Use of public toilets                              41.0   9.6
Body sweats from an HIV positive person            31.7   14.6
Oral sex                                           20.5   15.7
Incorrect/inconsistent use of condom               9.5    10.7
A health looking person                            24.1   14.5
People with previous record of sexually            14.5   13.3
transmitted
Rich people/sugar daddies/sugar mummies            15.5   20.2
Breast feeding by HIV positive mother              6.0    13.1

Table 6: Perceptions on preventive strategies

Preventive strategies                                      SA     A

By consistent use of condoms is effective against HIV      50.6   28.9
infection
By using condom when I have sex with a casual partner      46.4   31.0
By abstinence from sex totally                             66.7   16.7
By being faithful to my partner                            66.7   17.9
By keeping to one partner at a time                        54.8   21.4
By trusting God for protection, no matter how many         16.9   14.5
persons one has sex with
By keeping to my religion which is against the use of      21.7   10.8
condom
By keeping to my culture which is against the use of       20.5   10.8
condom
By reducing the number of my sexual partner                26.5   28.9
By knowing the HIV status of partners before having sex    48.2   21.7
By knowing the HIV status of partners before marriage      58.3   20.2
By avoiding sharing toilets with people living with HIV    25.3   14.5
By avoiding shaking hands with people living with          18.3   18.3
HIV/AIDS
By avoiding any social situations which might lead to      45.1   26.8
forced sex
By having good knowledge of HIV/AIDS which helps in        60.2   24.1
taking the right decisions against infection
By changing one's sexual behavior if one lived a           50.0   20.7
reckless
By keeping religious teaching that discourages having      69.9   12.2
sex before marriage
By keeping the cultural value of remaining a virgin        75.3   12.3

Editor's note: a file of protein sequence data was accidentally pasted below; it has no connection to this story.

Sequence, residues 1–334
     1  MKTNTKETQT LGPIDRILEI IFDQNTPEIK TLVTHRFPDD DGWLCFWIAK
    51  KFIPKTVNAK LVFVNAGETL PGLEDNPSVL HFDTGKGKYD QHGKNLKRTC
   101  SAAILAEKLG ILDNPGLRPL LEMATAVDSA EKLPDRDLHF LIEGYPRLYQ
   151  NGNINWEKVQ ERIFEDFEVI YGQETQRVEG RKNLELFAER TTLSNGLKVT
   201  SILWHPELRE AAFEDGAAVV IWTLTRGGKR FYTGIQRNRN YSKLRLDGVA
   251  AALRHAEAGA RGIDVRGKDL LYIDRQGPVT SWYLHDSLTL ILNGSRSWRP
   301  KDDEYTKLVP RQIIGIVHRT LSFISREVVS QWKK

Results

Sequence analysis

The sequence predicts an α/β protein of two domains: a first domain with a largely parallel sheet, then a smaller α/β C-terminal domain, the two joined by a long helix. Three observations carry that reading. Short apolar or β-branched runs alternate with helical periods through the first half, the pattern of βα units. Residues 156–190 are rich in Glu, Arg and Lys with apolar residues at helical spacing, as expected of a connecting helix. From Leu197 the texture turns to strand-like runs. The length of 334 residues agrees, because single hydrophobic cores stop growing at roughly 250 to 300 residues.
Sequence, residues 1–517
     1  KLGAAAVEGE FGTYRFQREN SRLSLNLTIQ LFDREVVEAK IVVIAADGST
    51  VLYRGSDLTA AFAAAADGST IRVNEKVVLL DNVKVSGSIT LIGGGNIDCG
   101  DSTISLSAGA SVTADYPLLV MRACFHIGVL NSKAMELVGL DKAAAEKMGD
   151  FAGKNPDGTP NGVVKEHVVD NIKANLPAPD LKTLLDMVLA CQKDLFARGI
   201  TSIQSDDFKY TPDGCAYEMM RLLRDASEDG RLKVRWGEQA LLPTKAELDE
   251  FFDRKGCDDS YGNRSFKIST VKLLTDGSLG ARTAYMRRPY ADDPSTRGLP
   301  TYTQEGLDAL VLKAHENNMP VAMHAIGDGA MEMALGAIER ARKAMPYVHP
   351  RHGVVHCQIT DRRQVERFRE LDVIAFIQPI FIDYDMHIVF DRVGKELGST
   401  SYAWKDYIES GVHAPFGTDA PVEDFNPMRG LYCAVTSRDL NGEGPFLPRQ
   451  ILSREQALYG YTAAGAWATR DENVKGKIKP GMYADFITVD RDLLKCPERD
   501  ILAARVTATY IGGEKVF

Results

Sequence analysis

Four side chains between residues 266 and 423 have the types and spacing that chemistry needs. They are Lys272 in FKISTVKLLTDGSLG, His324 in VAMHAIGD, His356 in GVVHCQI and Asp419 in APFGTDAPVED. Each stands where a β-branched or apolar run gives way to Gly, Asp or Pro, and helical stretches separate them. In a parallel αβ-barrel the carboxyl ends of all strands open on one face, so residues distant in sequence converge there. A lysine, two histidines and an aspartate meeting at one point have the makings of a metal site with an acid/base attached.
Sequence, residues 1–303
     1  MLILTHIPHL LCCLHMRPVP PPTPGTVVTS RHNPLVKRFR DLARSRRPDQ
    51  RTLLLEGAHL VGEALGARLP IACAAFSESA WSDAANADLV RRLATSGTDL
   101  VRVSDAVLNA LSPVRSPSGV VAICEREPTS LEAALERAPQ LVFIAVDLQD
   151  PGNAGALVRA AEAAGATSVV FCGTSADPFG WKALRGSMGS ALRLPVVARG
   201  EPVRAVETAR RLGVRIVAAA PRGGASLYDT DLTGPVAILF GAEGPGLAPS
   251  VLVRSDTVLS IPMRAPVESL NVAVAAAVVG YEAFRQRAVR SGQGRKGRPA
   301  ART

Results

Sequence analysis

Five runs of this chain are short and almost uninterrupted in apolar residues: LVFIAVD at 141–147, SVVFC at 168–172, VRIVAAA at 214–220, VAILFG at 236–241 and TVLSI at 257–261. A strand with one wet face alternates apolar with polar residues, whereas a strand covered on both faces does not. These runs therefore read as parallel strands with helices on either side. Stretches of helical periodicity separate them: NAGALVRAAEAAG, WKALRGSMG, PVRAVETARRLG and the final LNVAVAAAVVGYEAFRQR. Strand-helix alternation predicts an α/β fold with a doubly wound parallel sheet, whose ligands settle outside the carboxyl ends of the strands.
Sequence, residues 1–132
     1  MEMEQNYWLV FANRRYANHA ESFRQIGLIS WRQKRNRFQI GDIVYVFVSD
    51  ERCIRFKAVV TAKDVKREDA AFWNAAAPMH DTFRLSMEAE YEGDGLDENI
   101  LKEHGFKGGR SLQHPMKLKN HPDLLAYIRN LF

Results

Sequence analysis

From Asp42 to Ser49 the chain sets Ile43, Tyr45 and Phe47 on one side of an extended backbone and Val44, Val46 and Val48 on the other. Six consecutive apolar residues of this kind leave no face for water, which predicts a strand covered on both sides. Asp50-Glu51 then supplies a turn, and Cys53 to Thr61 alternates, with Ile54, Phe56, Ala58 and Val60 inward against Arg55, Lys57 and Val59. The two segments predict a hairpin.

until marriage
By not engaging in sex for money trade under any           61.0   20.7
circumstance
By avoiding friends who can influence you into x           61.0   24.4
until risky sex

Preventive strategies                                      U      D

By consistent use of condoms is effective against HIV      9.6    7.2
infection
By using condom when I have sex with a casual partner      14.3   7.1
By abstinence from sex totally                             7.1    7.1
By being faithful to my partner                            13.1   1.2
By keeping to one partner at a time                        9.5    9.5
By trusting God for protection, no matter how many         12.0   19.3
persons one has sex with
By keeping to my religion which is against the use of      14.5   18.1
condom
By keeping to my culture which is against the use of       14.5   20.5
condom
By reducing the number of my sexual partner                18.1   9.6
By knowing the HIV status of partners before having sex    16.9   7.2
By knowing the HIV status of partners before marriage      8.3    8.3
By avoiding sharing toilets with people living with HIV    14.5   21.7
By avoiding shaking hands with people living with          4.9    26.8
HIV/AIDS
By avoiding any social situations which might lead to      9.8    3.7
forced sex
By having good knowledge of HIV/AIDS which helps in        9.6    1.2
taking the right decisions against infection
By changing one's sexual behavior if one lived a           22.0   2.4
reckless
By keeping religious teaching that discourages having      14.6   -
sex before marriage
By keeping the cultural value of remaining a virgin        7.4    2.5
until marriage
By not engaging in sex for money trade under any           7.3    2.4
circumstance
By avoiding friends who can influence you into x           6.1    4.9
until risky sex

Preventive strategies                                      SD

By consistent use of condoms is effective against HIV      3.6
infection
By using condom when I have sex with a casual partner      1.2
By abstinence from sex totally                             2.4
By being faithful to my partner                            1.2
By keeping to one partner at a time                        4.8
By trusting God for protection, no matter how many         37.3
persons one has sex with
By keeping to my religion which is against the use of      34.9
condom
By keeping to my culture which is against the use of       33.7
condom
By reducing the number of my sexual partner                16.9
By knowing the HIV status of partners before having sex    6.0
By knowing the HIV status of partners before marriage      4.8
By avoiding sharing toilets with people living with HIV    24.1
By avoiding shaking hands with people living with          31.7
HIV/AIDS
By avoiding any social situations which might lead to      14.6